The marketability of my novel – and my writing in general – is a big worry for me right now. Sometimes it feels like I should have picked a genre way before I started writing the novel so that I wouldn’t have this problem.

However, if I’d have done that, I probably wouldn’t have written the story I wanted to tell and wouldn’t be half as passionate or excited about it. At the end of the day, I can only write the stories I want to write because doing anything else would result in me writing rubbish stories – there literally wouldn’t be any point.

Write the thing first and figure out where it fits in the market later – that has to be my mantra. But it’d be bloody lovely if a literary agent could help me out with the latter right about now. 😉

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Author: Ellie Scott

Ellie Scott is a freelance copywriter and fiction writer from Sheffield, UK. She writes speculative and silly short stories and flash fiction. In 2018 she was shortlisted for the Bridport Prize Short Story Competition and published her first book, 'Merry Bloody Christmas: A Short Story Collection'. You can often find her hanging out on Twitter (@itsemscott), Instagram (@tinysillystories) and Medium (@elliemaryscott), or hibernating on her sofa with a book and a very large glass of gin.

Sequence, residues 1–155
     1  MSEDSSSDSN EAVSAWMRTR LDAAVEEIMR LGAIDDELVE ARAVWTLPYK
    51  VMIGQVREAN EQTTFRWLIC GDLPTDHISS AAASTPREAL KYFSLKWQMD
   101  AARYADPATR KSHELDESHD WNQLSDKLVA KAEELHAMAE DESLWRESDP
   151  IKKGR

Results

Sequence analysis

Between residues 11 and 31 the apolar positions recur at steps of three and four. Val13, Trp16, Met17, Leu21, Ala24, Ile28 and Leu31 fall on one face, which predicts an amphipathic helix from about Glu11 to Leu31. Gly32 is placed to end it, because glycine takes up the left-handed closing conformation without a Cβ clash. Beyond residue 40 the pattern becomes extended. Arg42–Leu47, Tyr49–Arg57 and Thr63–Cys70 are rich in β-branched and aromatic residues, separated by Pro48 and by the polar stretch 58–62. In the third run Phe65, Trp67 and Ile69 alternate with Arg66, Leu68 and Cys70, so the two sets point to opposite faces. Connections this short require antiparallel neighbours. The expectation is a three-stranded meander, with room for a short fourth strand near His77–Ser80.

2 thoughts on “I Don’t Know What My Genre Is (Or If It Matters)”

  1. My question is what genre would you like your book placed in? I think the big guys like Amazon figured this out already by placing a complex genre bending book like yours in every possible look up field to maximize sales. A person looking for supernatural, fantasy,or young adult would see your book. It would be like putting a copy of your novel in every section, on every shelf of a library. I agree with you. I think its best to write the book first. Worry about the genre later.